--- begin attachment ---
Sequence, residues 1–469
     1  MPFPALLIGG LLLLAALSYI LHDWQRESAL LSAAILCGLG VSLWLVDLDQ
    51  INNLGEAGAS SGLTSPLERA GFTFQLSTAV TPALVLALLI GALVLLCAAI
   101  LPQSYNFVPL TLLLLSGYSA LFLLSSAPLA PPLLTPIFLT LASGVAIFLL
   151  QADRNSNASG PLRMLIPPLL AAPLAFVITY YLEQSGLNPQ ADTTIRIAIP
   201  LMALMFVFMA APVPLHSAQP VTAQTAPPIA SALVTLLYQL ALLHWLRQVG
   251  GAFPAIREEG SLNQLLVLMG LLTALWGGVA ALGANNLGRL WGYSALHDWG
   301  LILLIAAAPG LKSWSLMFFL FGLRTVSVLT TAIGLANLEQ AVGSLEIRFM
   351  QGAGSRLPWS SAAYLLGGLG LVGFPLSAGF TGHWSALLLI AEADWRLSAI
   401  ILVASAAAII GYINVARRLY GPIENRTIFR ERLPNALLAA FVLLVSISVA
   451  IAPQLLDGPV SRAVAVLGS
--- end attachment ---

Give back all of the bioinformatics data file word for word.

Sequence, residues 1–469
     1  MPFPALLIGG LLLLAALSYI LHDWQRESAL LSAAILCGLG VSLWLVDLDQ
    51  INNLGEAGAS SGLTSPLERA GFTFQLSTAV TPALVLALLI GALVLLCAAI
   101  LPQSYNFVPL TLLLLSGYSA LFLLSSAPLA PPLLTPIFLT LASGVAIFLL
   151  QADRNSNASG PLRMLIPPLL AAPLAFVITY YLEQSGLNPQ ADTTIRIAIP
   201  LMALMFVFMA APVPLHSAQP VTAQTAPPIA SALVTLLYQL ALLHWLRQVG
   251  GAFPAIREEG SLNQLLVLMG LLTALWGGVA ALGANNLGRL WGYSALHDWG
   301  LILLIAAAPG LKSWSLMFFL FGLRTVSVLT TAIGLANLEQ AVGSLEIRFM
   351  QGAGSRLPWS SAAYLLGGLG LVGFPLSAGF TGHWSALLLI AEADWRLSAI
   401  ILVASAAAII GYINVARRLY GPIENRTIFR ERLPNALLAA FVLLVSISVA
   451  IAPQLLDGPV SRAVAVLGS